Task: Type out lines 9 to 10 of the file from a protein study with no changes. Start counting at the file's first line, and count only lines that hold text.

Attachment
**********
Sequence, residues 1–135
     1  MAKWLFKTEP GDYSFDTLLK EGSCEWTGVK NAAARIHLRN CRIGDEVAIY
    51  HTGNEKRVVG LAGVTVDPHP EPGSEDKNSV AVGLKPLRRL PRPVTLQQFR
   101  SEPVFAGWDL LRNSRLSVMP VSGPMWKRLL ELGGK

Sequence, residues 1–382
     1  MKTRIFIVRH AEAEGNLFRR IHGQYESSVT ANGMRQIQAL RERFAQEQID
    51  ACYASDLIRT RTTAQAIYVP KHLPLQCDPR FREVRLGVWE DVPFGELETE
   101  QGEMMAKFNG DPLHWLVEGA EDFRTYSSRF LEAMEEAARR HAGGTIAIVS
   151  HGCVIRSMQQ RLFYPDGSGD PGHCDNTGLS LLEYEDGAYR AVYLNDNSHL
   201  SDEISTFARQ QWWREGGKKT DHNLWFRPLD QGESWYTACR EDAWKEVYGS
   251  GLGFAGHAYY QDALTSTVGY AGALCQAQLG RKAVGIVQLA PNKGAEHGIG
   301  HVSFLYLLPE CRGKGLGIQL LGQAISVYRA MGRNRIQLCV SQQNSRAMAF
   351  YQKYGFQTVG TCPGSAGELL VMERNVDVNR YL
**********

   151  HGCVIRSMQQ RLFYPDGSGD PGHCDNTGLS LLEYEDGAYR AVYLNDNSHL
   201  SDEISTFARQ QWWREGGKKT DHNLWFRPLD QGESWYTACR EDAWKEVYGS